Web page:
'When I was 14 or so I listened to a lot of Joy Division, I loved the textures of their records, but now it's more John Martyn, his '70s albums in particular; that's where my textured guitar playing comes from, honestly. I had Led Zeppelin and Pink Floyd forced on me when I was younger, and although I tend not to listen to that sort of thing now, I guess it's lodged in my brain. I won't say that bands like the Cocteau Twins were not an influence, but that's not the sort of stuff I really likeŠ I like Vini Reilly (from The Durutti Column) because he could be flashy, but he was really simple about it. I also like Funkadelic's Eddie Hazel who, to me, condensed the best bits of Jimi Hendrix. You can probably hear all my influences in what I play, whether it's recent stuff or old blues records.


Interview.
So, where are The Beatles?


in the sound.

e.t.a: isn't this a guy talking about guitar influences?

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#37 Adrian

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Posted 17 August 2011 - 03:20 PM

McCabe can say what he wants - just listen to the stuff!

The water effects on Yellow Submarine are remarkably similar to the "party" sounds in the background of verse two of Video Games. Just sayin'.

ETA: Cross posted with Mongo

I think you need to interpret what I'm saying in a reasonable way.


#38 yvonne johnson

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Posted 17 August 2011 - 03:23 PM

McCabe can say what he wants - just listen to the stuff!

Oh, I see, now we're getting into unconscious influences. Not what the musicians say their influences are.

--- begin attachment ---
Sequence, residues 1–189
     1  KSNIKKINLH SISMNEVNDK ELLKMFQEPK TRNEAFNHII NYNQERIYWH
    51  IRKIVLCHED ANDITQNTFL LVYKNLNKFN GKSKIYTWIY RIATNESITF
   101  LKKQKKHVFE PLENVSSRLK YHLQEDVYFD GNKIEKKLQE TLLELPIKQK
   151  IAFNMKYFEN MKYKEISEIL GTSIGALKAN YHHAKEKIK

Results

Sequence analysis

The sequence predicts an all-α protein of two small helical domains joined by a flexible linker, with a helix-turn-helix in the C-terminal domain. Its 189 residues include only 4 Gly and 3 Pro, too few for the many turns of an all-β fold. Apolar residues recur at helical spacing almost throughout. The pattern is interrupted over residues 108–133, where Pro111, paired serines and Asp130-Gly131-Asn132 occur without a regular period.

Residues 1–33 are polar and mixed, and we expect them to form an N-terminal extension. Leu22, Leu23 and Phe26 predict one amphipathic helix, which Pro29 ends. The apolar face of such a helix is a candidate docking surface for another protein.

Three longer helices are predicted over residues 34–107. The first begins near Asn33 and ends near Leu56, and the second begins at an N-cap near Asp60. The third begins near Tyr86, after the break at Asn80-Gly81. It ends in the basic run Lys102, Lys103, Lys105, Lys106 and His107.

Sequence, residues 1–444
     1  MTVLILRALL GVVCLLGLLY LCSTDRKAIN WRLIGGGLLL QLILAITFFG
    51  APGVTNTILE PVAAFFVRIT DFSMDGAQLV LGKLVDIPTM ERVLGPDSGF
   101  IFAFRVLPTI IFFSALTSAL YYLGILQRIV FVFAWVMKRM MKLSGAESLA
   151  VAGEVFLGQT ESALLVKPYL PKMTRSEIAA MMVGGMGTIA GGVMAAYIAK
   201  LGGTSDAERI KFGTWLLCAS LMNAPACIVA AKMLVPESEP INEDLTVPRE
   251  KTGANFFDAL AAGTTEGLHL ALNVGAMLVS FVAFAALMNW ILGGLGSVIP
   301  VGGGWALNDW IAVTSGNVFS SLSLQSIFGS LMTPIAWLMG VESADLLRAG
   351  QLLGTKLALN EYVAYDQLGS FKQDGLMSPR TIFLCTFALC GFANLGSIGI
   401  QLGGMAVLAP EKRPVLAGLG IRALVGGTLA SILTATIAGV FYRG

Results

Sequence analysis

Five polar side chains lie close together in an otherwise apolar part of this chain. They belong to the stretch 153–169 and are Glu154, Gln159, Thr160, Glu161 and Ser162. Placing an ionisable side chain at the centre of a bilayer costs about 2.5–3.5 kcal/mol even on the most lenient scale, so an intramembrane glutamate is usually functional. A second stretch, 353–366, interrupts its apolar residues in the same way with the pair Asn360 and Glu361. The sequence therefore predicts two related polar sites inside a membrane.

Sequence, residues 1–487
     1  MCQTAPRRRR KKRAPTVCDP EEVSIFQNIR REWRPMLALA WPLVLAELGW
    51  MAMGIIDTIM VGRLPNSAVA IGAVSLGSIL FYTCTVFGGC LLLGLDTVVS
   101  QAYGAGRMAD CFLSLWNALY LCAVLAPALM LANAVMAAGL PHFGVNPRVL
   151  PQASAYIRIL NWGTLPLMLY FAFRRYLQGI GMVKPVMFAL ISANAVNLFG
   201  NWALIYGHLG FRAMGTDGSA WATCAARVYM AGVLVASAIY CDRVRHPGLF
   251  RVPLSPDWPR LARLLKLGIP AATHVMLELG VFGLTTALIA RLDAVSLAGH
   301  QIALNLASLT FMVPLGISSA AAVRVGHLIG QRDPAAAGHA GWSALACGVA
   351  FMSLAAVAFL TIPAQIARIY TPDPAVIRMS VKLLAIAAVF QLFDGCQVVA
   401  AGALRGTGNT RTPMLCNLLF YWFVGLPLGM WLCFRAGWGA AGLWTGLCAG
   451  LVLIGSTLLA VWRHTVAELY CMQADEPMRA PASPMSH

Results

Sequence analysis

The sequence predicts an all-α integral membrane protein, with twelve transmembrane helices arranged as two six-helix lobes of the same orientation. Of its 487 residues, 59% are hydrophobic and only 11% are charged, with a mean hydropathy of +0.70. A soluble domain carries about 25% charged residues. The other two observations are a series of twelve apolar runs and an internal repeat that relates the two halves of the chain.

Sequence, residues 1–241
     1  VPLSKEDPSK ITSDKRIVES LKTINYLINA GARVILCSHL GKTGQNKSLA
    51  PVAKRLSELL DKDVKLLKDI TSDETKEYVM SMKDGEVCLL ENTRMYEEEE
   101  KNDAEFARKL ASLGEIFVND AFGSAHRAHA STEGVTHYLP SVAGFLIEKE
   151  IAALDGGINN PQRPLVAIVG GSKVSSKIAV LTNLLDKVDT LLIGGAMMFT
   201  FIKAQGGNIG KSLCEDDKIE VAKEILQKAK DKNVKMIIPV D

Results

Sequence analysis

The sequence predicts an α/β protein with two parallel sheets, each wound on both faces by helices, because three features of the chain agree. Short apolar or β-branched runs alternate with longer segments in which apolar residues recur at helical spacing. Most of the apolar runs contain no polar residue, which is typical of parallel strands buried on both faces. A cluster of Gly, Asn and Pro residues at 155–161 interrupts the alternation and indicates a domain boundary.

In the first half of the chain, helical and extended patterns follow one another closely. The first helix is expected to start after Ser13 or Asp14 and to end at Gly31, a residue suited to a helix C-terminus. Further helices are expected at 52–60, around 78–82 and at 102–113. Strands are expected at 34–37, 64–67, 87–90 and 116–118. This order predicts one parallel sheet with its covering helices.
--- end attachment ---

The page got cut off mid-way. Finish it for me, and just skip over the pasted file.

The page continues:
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#39 Orik

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Posted 17 August 2011 - 03:23 PM

Every time this question comes up, the anti-Beatles party claims a limited number of bands that sound like the Beatles, conveniently discounts the important bands that built on what they did (Smiths, Radiohead, etc), the bands that took their ideas about what pop music can do in a wholly different directions, and then erases the half million technical innovations of The Beatles. Influence is not synonymous with 'sounds like'.


The reason I gave The Smiths as an example is, of course, that there was (and afaik, still is) a very large group of people who love that band but can't stand The Beatles, not realizing that there would be no Morrissey+Marr without Lennon+McCartney. You're absolutely right about their influences, and whether or not other bands were at about the same place as the same time simply makes no difference. All of that doesn't mean I'd voluntarily listen to their music, which I think is mostly garbage.